Federal Reserve Bank of Richmond President Thomas Barkin said a soft landing for the US economy is looking more likely but hardly certain, reiterating the continued possibility of further tightening.

“A soft landing is increasingly conceivable but in no way inevitable,” Barkin, who will vote on policy decisions this year, said in the text of a speech Wednesday. “Demand, employment and inflation all surged but now seem to be on a path back toward normal.”

Barkin defined a soft landing as inflation returning to normal levels while the economy stays “healthy.” He said inflation is “coming into range of our 2% target” and six-month core inflation, which excludes food and energy prices, is running slightly below the target.

Officials kept rates unchanged for a third straight meeting last month and signaled they expect three quarter-point rate cuts this year, according to the median forecast released after the policy meeting. Markets responded by moving forward their bets for rate cuts, with the first seen likely in March, though several Fed officials have tried to tamp down expectations for steep reductions in early 2024.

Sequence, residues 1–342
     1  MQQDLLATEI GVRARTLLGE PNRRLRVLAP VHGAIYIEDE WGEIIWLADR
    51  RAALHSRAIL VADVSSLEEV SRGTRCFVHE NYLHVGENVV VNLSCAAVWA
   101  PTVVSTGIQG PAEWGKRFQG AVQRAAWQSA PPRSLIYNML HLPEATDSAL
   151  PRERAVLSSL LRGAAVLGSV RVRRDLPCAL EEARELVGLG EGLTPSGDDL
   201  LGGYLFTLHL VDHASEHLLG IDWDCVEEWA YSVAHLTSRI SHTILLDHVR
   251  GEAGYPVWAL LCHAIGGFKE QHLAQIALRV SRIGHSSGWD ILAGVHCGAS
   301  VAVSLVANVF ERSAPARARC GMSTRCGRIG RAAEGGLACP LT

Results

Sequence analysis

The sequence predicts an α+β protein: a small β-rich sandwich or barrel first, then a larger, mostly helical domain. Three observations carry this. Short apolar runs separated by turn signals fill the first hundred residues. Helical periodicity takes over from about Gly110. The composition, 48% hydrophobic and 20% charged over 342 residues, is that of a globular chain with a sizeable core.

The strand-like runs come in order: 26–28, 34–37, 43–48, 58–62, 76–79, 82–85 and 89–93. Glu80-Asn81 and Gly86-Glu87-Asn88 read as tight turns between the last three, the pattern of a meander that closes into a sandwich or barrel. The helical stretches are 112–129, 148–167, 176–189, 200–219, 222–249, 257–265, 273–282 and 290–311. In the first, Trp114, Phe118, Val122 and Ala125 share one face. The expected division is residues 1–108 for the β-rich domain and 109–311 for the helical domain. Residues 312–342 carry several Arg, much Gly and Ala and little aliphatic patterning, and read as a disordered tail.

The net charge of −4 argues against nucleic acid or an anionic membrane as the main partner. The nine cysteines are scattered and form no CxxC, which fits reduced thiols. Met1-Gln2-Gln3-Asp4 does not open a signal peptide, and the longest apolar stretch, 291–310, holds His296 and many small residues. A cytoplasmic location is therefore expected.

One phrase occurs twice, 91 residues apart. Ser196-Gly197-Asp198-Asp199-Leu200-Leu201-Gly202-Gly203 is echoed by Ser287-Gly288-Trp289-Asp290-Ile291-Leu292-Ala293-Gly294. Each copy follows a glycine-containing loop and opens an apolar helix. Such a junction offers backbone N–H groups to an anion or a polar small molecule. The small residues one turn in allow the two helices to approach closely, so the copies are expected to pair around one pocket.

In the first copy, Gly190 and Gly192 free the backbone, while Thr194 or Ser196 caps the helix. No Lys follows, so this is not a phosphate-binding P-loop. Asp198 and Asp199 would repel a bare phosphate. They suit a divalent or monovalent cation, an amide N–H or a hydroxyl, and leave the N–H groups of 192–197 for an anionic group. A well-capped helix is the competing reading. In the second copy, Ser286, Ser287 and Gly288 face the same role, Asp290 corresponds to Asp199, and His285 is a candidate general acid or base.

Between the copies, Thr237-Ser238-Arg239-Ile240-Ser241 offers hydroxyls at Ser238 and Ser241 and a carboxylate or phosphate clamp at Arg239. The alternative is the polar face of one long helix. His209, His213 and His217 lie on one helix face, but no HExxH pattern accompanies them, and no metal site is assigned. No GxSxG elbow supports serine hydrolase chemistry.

While Barkin acknowledged that most officials are expecting cuts in 2024, he said that “conviction on both questions” of inflation continuing its descent and the broader economy’s performance “will determine the pace and timing of any changes in rates.”

The Richmond Fed president laid out several risks for the economy this year in his remarks for the Raleigh Chamber in North Carolina, including how a recent plunge in long-term interest rates could stimulate too much demand and keep inflation elevated.

“While you might think this would be a first-class problem, strong demand isn’t the solution to above-target inflation,” he said. “That’s why the potential for additional rate hikes remains on the table.”

Barkin didn’t give his expectation for interest rates with any specificity, and he said central bankers would respond to incoming data.

“Conditions are ever evolving,” he said. “So too will our approach. So, buckle up. That’s the proper safety protocol even if you expect a soft landing.”

The Fed’s preferred gauge of underlying inflation barely rose in November and trailed policymakers’ 2% target by one measure, reinforcing the central bank’s pivot toward interest-rate cuts. On a six-month annualized basis, the core metric excluding food and energy rose 1.9%, the first time in more than three years that this measure was below the Fed’s goal.

This article was provided by Bloomberg News.